Hepatitis is a condition of inflammation of the liver, which is mainly caused by excessive use of illegal drugs, alcohol and certain medical conditions. Another most common cause of this disease is virus, known as Viral Hepatitis, which can spread through unhygienic conditions and being in physical contact with a carrier. There are three common variables of the disease i.e. Hepatitis A, Hepatitis B and Hepatitis C.

Symptoms of Hepatitis:

In the early weeks after infection, there are no visible symptoms and this phase is known as acute phase. As the disease worsens the patient starts experiencing symptoms such as jaundice, fatigue, nausea, mild fever, belly pain and poor appetite. The advancement of this disease is so slow that even Hep B and C patients don’t show any symptoms for many years until they become chronic.

Basics of Hepatitis A:

Hepatitis A is highly contagious and can spread from one person to another in different situations. It normally spreads through contaminated food and water. Food can be stained with the virus when the infected person touches it without washing hands after using washroom. Fruits, vegetables, raw shellfish and under cooked food are also some common culprits for spreading the virus. It usually cause very mild illness due to which many people don’t even know that they are infected with the virus.

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One of the primary risk factor for being infected with this disease is traveling to or living in a country having a high rate of infection. Drinking tap water and eating raw or exotic foods during your travels can also increase the risk of infection. Children attending day-care centers have high risk of developing the condition transmitted through infected employees as the immune system of children is very vulnerable at an early age and they are in direct contact with day-care providers.

In most cases, this type of virus goes away on its own and no medication is needed. Some lifestyle changes can be adopted to control the symptoms by eating well-cooked meals, drinking plenty of water, juices, or sports drinks for hydration and avoiding hard or strenuous exercises.

Basics of Hepatitis B:

Majority of patients affected with this type of viral Hepatitis may get mild symptoms that go away in a short time period. Some patients may not clear the virus from their body permanently, causing long-term damage to liver. Hep B virus can lead to some serious problems such as liver damage, liver failure and liver cancer.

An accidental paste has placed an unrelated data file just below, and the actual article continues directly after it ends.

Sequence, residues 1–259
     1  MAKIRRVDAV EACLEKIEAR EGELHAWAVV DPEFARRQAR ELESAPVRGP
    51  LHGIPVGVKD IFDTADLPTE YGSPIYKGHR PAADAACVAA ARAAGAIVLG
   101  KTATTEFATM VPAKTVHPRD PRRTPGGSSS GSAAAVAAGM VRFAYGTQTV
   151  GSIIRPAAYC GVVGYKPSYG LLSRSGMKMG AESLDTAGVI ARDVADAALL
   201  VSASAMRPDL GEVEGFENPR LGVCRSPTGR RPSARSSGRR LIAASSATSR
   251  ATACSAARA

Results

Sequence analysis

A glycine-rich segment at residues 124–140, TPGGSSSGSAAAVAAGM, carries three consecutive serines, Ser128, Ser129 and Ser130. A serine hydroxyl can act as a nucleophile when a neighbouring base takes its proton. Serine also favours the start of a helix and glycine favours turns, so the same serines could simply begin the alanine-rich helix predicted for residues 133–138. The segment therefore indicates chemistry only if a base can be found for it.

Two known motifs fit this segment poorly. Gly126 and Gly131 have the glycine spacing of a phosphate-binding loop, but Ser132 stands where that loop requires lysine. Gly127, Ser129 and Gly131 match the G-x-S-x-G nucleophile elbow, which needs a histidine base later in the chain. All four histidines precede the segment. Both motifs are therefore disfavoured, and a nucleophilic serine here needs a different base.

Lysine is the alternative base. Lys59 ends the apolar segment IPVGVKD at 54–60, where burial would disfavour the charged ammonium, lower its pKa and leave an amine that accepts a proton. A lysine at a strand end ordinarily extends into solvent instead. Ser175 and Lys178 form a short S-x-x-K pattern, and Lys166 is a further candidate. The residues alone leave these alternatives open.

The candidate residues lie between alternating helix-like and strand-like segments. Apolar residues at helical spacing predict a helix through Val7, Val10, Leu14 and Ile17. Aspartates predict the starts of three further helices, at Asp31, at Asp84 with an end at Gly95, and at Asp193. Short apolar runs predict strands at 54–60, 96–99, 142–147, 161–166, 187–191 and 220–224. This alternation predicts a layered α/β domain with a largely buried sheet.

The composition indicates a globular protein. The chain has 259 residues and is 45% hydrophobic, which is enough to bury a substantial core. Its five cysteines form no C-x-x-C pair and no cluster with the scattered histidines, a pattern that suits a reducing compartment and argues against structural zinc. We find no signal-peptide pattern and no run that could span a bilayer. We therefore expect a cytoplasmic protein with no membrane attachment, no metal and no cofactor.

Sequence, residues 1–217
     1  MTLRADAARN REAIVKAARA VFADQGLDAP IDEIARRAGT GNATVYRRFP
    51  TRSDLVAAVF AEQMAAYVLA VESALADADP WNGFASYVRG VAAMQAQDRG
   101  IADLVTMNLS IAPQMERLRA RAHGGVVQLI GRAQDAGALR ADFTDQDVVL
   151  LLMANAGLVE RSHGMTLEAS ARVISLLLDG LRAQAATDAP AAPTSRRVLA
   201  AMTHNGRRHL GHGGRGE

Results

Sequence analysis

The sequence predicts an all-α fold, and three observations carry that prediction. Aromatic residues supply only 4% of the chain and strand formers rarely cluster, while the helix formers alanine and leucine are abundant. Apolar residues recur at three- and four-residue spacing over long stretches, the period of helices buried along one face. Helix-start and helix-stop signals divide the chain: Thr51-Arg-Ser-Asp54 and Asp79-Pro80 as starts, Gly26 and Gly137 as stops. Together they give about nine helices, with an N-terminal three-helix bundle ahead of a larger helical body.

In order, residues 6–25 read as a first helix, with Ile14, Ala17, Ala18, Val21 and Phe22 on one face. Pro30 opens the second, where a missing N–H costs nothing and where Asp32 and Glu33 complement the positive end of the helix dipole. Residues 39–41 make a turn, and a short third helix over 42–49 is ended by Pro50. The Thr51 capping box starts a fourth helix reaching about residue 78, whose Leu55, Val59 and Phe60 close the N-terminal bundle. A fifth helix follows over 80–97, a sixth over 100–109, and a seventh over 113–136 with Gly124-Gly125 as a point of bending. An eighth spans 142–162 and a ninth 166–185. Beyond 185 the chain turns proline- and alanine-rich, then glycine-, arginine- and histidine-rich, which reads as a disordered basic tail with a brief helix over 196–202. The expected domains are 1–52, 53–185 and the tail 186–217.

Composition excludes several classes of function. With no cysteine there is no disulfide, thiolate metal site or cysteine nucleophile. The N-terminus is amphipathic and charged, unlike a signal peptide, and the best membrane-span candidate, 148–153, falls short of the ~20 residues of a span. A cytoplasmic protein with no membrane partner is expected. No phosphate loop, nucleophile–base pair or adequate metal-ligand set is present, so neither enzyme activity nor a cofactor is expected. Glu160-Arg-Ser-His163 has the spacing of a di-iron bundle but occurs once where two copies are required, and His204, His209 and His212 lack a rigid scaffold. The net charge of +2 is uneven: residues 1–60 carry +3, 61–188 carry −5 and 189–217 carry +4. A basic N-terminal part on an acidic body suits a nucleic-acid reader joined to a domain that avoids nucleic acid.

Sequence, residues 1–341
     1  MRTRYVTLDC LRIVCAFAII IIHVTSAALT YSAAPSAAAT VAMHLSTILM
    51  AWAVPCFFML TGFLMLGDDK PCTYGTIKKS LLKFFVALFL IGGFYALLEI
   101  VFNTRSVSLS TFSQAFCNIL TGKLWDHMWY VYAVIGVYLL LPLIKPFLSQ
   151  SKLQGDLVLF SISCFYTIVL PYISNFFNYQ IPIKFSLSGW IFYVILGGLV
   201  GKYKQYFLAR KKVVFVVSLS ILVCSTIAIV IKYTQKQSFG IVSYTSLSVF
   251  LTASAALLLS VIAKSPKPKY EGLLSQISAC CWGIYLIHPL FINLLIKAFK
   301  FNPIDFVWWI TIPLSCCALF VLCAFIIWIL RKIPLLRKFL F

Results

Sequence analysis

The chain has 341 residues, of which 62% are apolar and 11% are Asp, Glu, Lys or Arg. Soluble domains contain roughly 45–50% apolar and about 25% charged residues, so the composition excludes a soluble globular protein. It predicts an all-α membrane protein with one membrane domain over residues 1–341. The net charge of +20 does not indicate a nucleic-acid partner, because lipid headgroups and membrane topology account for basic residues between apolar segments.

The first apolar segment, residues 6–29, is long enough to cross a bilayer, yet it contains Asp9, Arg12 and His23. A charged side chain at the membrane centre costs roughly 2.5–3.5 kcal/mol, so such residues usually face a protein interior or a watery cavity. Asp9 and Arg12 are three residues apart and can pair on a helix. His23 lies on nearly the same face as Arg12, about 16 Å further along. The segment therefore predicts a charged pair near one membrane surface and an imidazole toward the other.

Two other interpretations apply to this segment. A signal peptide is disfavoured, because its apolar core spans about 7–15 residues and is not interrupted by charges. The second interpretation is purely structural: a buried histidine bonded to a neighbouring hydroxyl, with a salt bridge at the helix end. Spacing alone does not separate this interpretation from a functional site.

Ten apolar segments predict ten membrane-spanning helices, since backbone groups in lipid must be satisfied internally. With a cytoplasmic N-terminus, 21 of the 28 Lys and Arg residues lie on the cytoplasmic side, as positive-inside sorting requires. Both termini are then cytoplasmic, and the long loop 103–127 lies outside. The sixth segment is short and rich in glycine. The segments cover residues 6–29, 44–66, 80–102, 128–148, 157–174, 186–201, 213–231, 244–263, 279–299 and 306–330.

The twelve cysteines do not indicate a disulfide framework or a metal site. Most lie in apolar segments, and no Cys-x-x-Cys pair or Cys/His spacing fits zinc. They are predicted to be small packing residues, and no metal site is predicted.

Hepatitis B can spread through contact with blood and body fluids of the infected person. In USA, the virus often spreads through unprotected sex, using an infected person’s syringe, razors or toothbrush. It is also known that infected mothers can pass the virus to unborn children during childbirth. On the plus side, Hepatitis B is not contagious and doesn’t spread through hugging, coughing or sharing food and drinks.

People who have drug abuse issues, have multiple partners or are living with a patient having chronic stage and healthcare workers who can get exposed to blood in their line of work have a high risk of developing Hepatitis B.

The main goal of treating this virus is to control it from damaging the liver. Antiviral medications therapy may be recommended by the doctor and controlled according to each patient’s condition.

Basics of Hepatitis C:

This type is caused by a virus called as HCV and the nature of this virus is very different from other two variants. Only about 25% of patients suffering from Hep type C have recovered within a short period of time whereas most will carry the virus for a long-term elevating the disease to a chronic stage. This chronic stage cause serious complications such as liver cancer and if left untreated, liver failure is most likely to occur.

This type of virus spreads through infected blood transfusion, using pre-infected needles and other items that can reach the blood stream. An infected mother can also pass the virus to the baby while it’s in the womb.

People injecting illegal drugs even for one time are at high risk of developing the disease. Also, anyone who has received a blood transfusion before 1992 is also high risked because blood screening practices were not in place before this year and Hepatitis C infected blood could have been used for transfusion.

Various drugs and medications approved by FDA are used for the treatment of HCV as per doctor’s recommendations. Liver transplantation is also a viable option for patients with complete liver failure. These days Hepatitis C is not untreatable but prevention is still the best option and as mentioned above a little change in lifestyle can ensure you are safe from this very elusive yet chronically endangering threat.

Author's Bio: 

Paul Richard, having keen interest to learn and write about Diseases and Treatments.

Medical Center: GI Endoscopy Practice
Website: Giendoscopypractice.com
Category: Gastroenterology
Phone Number: 973.248.1550
Address: 44 Route 23 North, Suite 7 Riverdale
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